The first night I saw him, I thought he was a possum, staring through my window. With his shiny eyes, and his malicious grin, I thought he was a possum under the porch. Staring through my basement window because he was curious.
I was not entirely wrong.
He was no possum. On that account, I was definitely wrong.
He is infinitely curious.
The second night I saw him, I thought he was a fox. A hungry fox, hiding beneath our porch for shelter.
I was still partially wrong.
He was no fox.
He was, however, in need of shelter.
For the first half of the night, he simply looked like a fox to me. Some magic playing tricks on my eyes. Cloaking his presence. Sometime in the night, I heard him stirring—waking from a nightmare. And, in that half-asleep state, I saw what he was.
I saw him.
He was no possum, and he was no fox.
The next night, when I saw his eyes glow at my window, hiding beneath the porch, I didn’t ignore him.
Not that time.
“What’re you hiding from?”
Of course, he didn’t answer. Didn’t speak. It would’ve broken his spell.
But, I was persistent.
I knew what I saw.
Night after night, I would try something different. Something new. I left a blanket out under the porch. Food. Water. Soda. Sometimes I’d leave him candy, or sometimes I’d leave him mittens or scarves. Anything I could think of that might be of some use to him. That might aid him while he camped out.
The collection remained untouched though. The things I’d left him remained where I’d placed them, unbothered.
It was driving me nuts.
What was he?
Why was he refusing food? Water? Warmth?
What was his deal?
Why was it that he looked like an animal when I was awake, but looked nearly human when I was half asleep?
What was he?
One night, I’d finally had enough.
When his eyes glowed at my window that night, I left my basement room.
I went outside.
Crouching so I was level with him, I saw how he looked. That night, he looked like a coyote, with his eyes glowing in the light of my flashlight. Limbs spread in a way that showed his alarm. How ready he was to run.
But there was no need for that.
“Listen, I don’t know what you are,” I told him. “But I know you’re not a fox. And you’re not a coyote. And you’re not a possum. You’re kind of human, kind of magical, kind of mythical. I think I know what you are, but I don’t want to say it because then… well, I’d be in trouble, wouldn’t I?” He still said nothing. Those coyote ears he was wearing flicked, registering my voice, but he made no other moves. Spoke no words, as if barely even registering the fact that I was speaking.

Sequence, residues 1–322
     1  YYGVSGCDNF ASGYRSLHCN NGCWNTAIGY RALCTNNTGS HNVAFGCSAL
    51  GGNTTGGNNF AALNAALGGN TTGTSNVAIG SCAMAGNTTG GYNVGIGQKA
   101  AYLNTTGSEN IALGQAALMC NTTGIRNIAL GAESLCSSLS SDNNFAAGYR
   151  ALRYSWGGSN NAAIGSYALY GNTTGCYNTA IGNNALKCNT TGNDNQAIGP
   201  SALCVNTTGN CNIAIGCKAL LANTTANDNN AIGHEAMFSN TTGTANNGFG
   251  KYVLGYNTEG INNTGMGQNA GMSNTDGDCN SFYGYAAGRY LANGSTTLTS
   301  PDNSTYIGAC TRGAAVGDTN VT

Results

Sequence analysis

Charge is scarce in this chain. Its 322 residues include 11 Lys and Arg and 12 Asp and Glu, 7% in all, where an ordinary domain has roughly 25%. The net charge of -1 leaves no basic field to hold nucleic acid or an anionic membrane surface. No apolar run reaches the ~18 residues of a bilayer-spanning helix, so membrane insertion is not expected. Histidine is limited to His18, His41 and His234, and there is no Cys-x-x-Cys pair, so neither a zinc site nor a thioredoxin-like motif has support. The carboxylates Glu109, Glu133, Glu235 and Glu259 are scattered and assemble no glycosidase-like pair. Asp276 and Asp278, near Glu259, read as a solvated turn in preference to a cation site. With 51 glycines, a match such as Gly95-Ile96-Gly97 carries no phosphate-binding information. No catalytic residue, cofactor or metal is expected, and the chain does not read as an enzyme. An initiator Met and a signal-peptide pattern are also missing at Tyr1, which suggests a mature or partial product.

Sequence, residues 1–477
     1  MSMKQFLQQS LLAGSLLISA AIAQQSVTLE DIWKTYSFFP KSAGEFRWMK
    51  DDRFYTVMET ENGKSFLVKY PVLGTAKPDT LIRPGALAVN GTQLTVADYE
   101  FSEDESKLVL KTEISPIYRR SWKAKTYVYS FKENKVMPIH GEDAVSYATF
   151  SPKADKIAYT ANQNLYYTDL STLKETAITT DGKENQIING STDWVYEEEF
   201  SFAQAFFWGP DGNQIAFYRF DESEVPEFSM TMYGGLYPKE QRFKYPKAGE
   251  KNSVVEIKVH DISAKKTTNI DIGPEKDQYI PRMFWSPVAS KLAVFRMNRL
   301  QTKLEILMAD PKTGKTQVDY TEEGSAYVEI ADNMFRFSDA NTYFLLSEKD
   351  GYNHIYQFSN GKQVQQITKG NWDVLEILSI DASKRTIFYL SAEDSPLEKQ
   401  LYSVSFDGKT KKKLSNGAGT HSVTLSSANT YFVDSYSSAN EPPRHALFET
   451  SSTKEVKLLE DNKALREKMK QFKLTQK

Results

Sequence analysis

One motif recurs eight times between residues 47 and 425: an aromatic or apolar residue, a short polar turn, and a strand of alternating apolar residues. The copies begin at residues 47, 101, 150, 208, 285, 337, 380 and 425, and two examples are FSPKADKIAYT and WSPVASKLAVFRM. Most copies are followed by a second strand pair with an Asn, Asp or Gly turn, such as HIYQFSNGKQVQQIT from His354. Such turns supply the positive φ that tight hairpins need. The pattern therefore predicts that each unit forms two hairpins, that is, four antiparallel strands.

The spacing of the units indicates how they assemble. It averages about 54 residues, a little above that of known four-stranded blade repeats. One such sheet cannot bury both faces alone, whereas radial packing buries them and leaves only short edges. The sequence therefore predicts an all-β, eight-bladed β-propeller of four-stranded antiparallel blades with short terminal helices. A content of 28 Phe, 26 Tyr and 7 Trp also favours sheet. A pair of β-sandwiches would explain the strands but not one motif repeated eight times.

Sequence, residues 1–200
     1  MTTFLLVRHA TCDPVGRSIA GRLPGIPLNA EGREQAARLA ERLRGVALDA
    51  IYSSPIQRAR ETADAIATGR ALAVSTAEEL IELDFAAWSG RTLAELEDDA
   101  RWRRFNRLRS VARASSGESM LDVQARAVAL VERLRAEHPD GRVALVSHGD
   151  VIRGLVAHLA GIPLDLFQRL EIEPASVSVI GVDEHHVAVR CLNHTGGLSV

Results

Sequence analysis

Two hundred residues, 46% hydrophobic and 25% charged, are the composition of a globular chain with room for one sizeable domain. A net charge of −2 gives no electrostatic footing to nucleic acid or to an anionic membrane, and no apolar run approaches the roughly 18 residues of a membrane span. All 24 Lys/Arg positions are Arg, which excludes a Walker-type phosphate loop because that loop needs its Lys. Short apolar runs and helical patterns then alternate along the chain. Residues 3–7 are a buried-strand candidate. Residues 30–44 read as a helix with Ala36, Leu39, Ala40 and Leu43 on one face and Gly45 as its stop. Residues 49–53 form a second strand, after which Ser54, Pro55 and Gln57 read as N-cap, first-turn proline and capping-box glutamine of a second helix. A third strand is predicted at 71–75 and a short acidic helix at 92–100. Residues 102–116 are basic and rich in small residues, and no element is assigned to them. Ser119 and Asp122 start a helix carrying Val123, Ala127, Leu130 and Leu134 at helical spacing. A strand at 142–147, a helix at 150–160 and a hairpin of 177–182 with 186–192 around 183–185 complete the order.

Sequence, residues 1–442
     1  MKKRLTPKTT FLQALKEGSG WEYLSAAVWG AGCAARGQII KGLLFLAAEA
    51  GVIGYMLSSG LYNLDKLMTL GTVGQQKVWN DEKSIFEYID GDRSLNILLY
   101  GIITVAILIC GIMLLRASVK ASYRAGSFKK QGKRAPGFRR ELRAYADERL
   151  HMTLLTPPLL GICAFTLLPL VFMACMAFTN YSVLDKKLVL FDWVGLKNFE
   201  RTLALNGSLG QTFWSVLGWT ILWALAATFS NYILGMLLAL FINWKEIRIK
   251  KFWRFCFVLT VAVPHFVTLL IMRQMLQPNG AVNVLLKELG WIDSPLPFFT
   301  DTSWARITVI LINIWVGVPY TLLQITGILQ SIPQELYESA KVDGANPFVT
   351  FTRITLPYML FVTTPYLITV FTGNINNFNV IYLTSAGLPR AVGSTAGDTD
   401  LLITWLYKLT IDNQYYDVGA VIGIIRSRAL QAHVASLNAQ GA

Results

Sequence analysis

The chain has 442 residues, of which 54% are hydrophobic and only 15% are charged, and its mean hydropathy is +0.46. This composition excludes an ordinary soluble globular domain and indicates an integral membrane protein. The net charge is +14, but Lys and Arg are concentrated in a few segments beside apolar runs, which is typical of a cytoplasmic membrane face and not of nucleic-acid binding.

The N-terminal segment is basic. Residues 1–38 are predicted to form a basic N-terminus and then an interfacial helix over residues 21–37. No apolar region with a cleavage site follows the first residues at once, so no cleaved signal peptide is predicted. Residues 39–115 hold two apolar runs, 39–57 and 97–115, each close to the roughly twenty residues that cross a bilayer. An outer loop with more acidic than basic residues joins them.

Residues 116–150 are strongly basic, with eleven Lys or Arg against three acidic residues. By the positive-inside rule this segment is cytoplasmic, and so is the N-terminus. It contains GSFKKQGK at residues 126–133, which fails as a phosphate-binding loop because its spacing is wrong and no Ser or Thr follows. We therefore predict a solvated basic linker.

“Look, I don’t know for sure what you are, but, what I do know is: you’re hiding. And for someone like you, that can’t be good. Definitely not. I don’t know if you’re good, if you’re bad, or if you’re just doing your own thing, but, I don’t really care. Everything I’ve left out here is for you to use, you know. Completely free. No debt attached, I swear. I don’t expect anything from you, not at all. I just… want you to have what you need.”
My words drifted under the porch. Stuck in the light of my flashlight a moment.
He still said nothing. Made no expression, no changes to his stance. He stood under the porch, looking ready to bolt.
Maybe I was crazy.
I didn’t think so.
I said nothing else. Gave up for the time being. I felt certain he’d return, and certain I’d crack him eventually.
I wasn’t wrong.
That night, when I was sleeping, I swear I heard something. Something… not good. Like scuffling. Like whimpering. Like someone getting tossed around.
By the time I got out of bed to check it out, the coyote was gone.
A trail of blood left behind.
I thought it was going to be the last time I saw him. The last time I saw my mythical friend.
But the next night?
I found him by my window again.
Not a fox, not a possum, not a coyote.
The version of him I saw when I was half asleep.
Slumped against my window, he held tightly to his shoulder. It oozed some liquid that was gold in color, that looked thick and slimy. Head pressed against the glass, his breath fogging it up, ears pinned to his skull, he panted. His human face scrunched up with effort, with pain.
When he looked up, he saw me. Saw that I saw him. That I knew I was right, all along. He didn’t look at me long—it was too much effort. His head drifted down, leaning against the glass, clearly exhausted.
He knocked then.
Knocked on my window.
I stared a moment, unsure if I heard it.
But then, he looked up again. Looked right at me.
“Please,” he breathed.
A faerie just asked me for help.
Everything I knew about his kind—how devious they were, how heartless, how sneaky—ran through my mind, but, in that moment, I didn’t really care. Couldn’t find it in me to care.
I opened the window.
And I let the phouka in.
Author’s note: Probably will have a part 2.